With a surge of rain over the winter months, scientists at UC Berkeley are on alert for the spread of Sudden Oak Death disease, or SOD. And they need the help of ordinary citizens for research.
SOD has been prevalent recently in Monterey County and experts believe is beginning to spread into San Luis Obispo County.
The invasive pathogen phytophthora ramorum started causing SOD in California’s oak trees during the 1990s. The pathogen spreads to oak trees through water pathways, like streams, rivers, and lakes.
And with the recent rains and flooding throughout California, scientists in Berkeley are saying 2017 is poised to be the most prevalent year in a decade for the spread of the pathogen.
Katie Harrell from the California Forest Pest Council said the data set for the spread of SOD is difficult to track with a small team of people. And that’s why they are recruiting “citizen scientists” all over the state to help track trees that are affected by the disease and holding workshops on how to recognize them.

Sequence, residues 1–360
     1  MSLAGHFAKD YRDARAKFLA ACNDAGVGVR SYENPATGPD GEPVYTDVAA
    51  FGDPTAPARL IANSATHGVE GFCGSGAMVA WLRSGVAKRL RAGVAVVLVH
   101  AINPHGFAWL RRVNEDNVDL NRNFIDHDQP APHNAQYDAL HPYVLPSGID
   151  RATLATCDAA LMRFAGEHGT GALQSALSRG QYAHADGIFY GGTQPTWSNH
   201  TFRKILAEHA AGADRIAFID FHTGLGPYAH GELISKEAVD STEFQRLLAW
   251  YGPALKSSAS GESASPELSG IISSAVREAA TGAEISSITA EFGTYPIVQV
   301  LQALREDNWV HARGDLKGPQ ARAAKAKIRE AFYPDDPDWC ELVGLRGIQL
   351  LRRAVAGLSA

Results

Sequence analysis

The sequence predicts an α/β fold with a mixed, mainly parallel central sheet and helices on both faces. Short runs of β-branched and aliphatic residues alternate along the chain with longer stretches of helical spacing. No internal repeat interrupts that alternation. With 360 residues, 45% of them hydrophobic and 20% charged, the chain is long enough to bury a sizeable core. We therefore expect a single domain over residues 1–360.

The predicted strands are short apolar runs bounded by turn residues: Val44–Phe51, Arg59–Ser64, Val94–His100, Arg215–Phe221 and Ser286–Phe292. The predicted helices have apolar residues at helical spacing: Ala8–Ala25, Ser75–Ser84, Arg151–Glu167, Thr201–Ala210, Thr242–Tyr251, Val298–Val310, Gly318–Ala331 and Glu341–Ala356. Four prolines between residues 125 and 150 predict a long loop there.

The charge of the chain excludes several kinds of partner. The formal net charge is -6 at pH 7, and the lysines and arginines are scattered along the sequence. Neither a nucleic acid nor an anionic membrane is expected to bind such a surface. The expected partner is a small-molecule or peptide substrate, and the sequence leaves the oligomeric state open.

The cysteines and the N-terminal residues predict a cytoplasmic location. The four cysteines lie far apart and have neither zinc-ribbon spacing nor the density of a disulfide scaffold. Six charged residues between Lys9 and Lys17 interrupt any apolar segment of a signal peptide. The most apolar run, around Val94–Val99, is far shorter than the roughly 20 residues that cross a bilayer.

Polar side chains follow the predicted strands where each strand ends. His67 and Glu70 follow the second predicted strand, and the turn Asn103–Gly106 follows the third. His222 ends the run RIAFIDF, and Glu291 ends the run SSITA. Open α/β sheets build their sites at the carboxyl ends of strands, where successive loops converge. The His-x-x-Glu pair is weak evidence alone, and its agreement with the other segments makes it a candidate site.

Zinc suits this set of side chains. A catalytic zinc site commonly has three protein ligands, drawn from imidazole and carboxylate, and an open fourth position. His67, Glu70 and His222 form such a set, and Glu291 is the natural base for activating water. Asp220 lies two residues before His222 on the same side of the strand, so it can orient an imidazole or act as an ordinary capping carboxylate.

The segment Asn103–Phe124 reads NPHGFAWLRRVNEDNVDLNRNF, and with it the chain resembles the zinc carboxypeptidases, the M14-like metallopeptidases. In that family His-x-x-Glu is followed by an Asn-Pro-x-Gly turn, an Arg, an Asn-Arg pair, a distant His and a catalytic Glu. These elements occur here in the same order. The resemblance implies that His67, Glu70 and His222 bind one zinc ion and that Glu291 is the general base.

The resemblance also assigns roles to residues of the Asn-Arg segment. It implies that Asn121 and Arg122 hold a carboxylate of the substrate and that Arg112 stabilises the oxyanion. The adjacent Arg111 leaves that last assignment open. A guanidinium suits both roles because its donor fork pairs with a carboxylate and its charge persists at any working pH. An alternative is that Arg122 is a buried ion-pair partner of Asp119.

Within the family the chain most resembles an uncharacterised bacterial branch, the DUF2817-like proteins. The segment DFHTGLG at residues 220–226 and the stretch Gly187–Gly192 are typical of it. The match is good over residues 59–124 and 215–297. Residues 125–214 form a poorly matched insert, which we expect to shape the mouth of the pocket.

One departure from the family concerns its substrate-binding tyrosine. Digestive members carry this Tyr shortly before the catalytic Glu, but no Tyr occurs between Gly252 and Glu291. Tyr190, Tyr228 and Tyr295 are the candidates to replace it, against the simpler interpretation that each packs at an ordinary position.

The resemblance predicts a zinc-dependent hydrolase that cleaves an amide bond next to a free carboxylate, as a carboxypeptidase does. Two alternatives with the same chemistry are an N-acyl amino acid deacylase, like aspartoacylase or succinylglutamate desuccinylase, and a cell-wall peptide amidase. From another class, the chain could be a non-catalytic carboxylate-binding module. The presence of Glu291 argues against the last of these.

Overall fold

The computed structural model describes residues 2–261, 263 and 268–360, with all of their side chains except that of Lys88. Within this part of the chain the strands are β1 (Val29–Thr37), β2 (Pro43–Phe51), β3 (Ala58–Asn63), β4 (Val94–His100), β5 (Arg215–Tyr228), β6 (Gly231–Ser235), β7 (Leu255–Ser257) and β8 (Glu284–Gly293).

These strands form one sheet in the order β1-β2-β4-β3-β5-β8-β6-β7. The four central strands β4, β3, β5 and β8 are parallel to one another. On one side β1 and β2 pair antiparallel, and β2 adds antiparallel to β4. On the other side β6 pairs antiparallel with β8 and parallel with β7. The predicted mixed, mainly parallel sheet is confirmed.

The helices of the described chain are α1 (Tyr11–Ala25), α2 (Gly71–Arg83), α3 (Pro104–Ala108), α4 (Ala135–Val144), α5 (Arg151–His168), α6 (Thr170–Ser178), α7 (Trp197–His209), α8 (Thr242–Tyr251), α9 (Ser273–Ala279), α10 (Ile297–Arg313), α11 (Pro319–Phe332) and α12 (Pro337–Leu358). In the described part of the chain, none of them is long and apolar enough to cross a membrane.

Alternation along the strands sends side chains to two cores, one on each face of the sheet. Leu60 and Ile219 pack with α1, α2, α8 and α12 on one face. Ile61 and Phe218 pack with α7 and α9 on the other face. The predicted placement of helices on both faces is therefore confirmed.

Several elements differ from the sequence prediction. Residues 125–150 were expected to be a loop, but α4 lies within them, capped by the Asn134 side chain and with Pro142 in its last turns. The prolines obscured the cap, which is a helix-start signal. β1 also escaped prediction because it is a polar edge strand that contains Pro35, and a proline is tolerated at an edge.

“So this is really cool because there’s so many more eyes on the ground than any other researcher could possibly do on their own,” Harrell said.
Harrell said so far, there’s no cure for SOD. And the only way to really prevent the pathogen from spreading is to make sure known contaminated water pathways don’t come in contact with uncontaminated water.
“Making sure that no mud or organic material adheres to your shoes or your tires or your equipment,” Harrell said.
Local workshops include:
May 11 at 1:00 p.m., San Luis Obispo County Extension Office, Conference Room, 2156 Sierra Way, San Luis Obispo, CA
May 12 at 6:00 p.m., Atascadero Library, Martin Polin Room, 6555 Capistrano Ave. ,Atascadero, CA
You can find more information here.